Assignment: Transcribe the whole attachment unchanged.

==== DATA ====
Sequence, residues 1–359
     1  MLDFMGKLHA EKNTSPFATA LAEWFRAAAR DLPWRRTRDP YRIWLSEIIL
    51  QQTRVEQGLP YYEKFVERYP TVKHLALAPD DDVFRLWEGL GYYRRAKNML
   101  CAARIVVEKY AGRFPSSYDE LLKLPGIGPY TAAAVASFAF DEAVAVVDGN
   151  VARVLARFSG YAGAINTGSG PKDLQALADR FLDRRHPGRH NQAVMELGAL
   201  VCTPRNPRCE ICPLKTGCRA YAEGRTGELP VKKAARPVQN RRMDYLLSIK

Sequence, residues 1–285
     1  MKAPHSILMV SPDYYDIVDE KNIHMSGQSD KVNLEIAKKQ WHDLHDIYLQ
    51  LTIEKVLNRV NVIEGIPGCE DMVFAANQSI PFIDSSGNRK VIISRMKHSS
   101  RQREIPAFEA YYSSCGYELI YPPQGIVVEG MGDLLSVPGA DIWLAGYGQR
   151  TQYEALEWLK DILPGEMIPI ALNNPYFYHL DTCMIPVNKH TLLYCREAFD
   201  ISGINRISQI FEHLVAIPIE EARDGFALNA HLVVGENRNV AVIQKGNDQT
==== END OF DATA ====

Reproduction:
Sequence, residues 1–359
     1  MLDFMGKLHA EKNTSPFATA LAEWFRAAAR DLPWRRTRDP YRIWLSEIIL
    51  QQTRVEQGLP YYEKFVERYP TVKHLALAPD DDVFRLWEGL GYYRRAKNML
   101  CAARIVVEKY AGRFPSSYDE LLKLPGIGPY TAAAVASFAF DEAVAVVDGN
   151  VARVLARFSG YAGAINTGSG PKDLQALADR FLDRRHPGRH NQAVMELGAL
   201  VCTPRNPRCE ICPLKTGCRA YAEGRTGELP VKKAARPVQN RRMDYLLSIK

Sequence, residues 1–285
     1  MKAPHSILMV SPDYYDIVDE KNIHMSGQSD KVNLEIAKKQ WHDLHDIYLQ
    51  LTIEKVLNRV NVIEGIPGCE DMVFAANQSI PFIDSSGNRK VIISRMKHSS
   101  RQREIPAFEA YYSSCGYELI YPPQGIVVEG MGDLLSVPGA DIWLAGYGQR
   151  TQYEALEWLK DILPGEMIPI ALNNPYFYHL DTCMIPVNKH TLLYCREAFD
   201  ISGINRISQI FEHLVAIPIE EARDGFALNA HLVVGENRNV AVIQKGNDQT